In support of maternal health, disease-specific and target-oriented global policy initiatives, such as in Millennium Development Goal 5, have led to a prioritisation of narrow indicators at the expense of more comprehensive approaches. In line with global policy, Nicaragua has made skilled attendants and institutionalised delivery central to its efforts to achieving MDG5 on maternal health. Drawing on ethnographic fieldwork in Nicaragua, involving participant observation and interviews with hospital and community health workers, and women and their families, this paper critically discusses how target-oriented maternal health strategies were manifested in local realities. It shows that Nicaragua's brigadistas (community health workers) and parteras (traditional birth attendants) have been driven to narrowing their own roles to identifying pregnant women and advocating that they have an institutional delivery as one their most important tasks, making them agents of MDG 5 target achievement. This has engendered fear among brigadistas and parteras of being held individually responsible in the event of a maternal death, creating dissatisfaction with their role and reducing their motivation. While intended to improve maternal health, the pressure to reach targets has unintended negative implications for the relationship between women, the local volunteers and the formal health system, which needs to be addressed. © 2013 Reproductive Health Matters.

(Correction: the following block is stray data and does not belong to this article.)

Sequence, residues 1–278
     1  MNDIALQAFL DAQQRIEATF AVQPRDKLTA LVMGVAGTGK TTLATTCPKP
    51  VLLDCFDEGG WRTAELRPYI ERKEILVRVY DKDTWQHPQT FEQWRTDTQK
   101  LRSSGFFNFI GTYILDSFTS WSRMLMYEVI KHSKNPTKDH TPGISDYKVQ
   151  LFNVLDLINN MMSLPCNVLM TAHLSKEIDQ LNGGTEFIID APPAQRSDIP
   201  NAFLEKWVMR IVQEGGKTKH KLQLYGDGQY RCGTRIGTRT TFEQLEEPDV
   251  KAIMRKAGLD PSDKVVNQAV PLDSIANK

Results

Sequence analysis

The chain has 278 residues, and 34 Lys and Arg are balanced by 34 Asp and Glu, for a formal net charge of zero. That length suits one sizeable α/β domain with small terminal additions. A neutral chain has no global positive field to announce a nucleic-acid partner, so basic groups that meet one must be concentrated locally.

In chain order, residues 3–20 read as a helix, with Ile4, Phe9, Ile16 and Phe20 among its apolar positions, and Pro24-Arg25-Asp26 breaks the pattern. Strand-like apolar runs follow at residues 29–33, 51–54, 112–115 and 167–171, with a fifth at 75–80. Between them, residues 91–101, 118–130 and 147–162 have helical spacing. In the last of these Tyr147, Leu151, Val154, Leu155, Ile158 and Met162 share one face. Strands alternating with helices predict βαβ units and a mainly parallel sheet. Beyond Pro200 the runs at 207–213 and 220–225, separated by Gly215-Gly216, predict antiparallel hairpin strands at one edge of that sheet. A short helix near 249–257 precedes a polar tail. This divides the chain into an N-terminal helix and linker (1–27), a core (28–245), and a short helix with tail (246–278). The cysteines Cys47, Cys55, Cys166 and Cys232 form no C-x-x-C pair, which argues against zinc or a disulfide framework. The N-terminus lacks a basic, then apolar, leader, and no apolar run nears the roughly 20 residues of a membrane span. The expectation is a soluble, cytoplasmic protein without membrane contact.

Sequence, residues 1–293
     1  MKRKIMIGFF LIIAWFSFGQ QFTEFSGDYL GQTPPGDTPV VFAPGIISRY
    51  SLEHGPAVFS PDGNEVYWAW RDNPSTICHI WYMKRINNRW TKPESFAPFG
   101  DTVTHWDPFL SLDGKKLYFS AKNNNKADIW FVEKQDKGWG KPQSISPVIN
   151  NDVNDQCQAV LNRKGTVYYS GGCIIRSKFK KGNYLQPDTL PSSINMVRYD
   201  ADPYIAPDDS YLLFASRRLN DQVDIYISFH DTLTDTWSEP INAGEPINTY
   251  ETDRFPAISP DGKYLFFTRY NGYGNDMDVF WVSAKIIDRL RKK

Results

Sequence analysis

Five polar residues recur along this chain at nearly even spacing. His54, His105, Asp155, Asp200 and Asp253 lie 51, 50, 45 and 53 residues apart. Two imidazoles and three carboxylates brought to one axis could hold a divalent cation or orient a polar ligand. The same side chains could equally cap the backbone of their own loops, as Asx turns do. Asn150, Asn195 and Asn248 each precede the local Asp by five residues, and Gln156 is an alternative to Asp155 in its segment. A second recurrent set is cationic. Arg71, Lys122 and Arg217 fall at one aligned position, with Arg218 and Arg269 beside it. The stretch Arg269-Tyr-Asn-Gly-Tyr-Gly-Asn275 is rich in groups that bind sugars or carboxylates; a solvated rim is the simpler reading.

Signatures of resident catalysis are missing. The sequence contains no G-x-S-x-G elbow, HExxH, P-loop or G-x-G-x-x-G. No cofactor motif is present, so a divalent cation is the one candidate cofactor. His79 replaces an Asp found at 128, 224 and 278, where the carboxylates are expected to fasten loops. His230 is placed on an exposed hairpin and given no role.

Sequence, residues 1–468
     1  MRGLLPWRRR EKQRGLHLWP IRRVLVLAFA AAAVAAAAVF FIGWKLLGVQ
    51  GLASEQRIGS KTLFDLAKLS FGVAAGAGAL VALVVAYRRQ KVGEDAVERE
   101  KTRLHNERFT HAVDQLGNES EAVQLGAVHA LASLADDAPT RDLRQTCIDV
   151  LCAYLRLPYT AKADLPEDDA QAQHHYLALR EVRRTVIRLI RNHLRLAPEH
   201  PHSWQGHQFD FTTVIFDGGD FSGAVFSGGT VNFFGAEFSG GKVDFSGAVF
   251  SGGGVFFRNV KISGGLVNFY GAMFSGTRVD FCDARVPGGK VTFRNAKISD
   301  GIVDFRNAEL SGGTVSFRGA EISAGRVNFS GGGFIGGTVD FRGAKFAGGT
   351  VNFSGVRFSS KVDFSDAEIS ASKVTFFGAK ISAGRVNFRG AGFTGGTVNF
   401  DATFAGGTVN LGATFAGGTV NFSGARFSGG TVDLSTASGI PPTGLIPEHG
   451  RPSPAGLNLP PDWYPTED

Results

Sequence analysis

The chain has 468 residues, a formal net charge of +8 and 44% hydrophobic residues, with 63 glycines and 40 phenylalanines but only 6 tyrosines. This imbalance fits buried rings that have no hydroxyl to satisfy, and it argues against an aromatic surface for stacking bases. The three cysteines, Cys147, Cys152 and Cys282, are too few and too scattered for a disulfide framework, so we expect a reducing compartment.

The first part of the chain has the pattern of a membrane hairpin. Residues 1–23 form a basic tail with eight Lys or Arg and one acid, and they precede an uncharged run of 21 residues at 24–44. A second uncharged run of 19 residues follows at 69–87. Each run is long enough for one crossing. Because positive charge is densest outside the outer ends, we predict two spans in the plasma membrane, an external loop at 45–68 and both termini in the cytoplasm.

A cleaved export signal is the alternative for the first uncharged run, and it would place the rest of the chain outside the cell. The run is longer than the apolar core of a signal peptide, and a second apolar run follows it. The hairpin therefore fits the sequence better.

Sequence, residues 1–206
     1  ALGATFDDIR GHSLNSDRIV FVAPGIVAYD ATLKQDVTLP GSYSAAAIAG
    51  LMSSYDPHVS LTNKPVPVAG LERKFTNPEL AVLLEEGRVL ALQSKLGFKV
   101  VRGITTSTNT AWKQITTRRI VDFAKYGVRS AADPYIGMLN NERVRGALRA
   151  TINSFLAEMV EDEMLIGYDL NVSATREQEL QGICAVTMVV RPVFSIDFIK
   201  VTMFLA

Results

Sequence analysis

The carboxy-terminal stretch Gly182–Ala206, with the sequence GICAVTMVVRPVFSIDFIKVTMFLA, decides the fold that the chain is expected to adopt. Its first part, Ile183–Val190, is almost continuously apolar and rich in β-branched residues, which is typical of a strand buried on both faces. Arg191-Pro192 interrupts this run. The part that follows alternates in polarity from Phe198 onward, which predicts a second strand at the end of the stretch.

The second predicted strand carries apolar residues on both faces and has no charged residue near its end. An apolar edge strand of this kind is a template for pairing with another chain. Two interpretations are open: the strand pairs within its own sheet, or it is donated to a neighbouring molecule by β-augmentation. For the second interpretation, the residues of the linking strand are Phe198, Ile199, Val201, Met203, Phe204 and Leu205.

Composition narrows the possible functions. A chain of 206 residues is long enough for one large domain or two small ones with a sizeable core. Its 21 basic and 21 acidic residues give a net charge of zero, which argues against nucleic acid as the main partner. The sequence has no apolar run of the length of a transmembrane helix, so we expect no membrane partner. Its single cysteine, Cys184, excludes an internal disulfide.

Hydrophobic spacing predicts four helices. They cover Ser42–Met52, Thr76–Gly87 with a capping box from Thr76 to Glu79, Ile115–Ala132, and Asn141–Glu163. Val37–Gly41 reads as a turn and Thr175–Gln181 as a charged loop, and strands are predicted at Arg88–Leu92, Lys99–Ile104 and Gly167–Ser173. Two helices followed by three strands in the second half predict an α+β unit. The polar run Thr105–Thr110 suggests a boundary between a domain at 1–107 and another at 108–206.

Kvernflaten, B. (2013). Meeting targets or saving lives: Maternal health policy and Millennium Development Goal 5 in Nicaragua. Reproductive Health Matters, 21(42), 32–40. https://doi.org/10.1016/S0968-8080(13)42728-3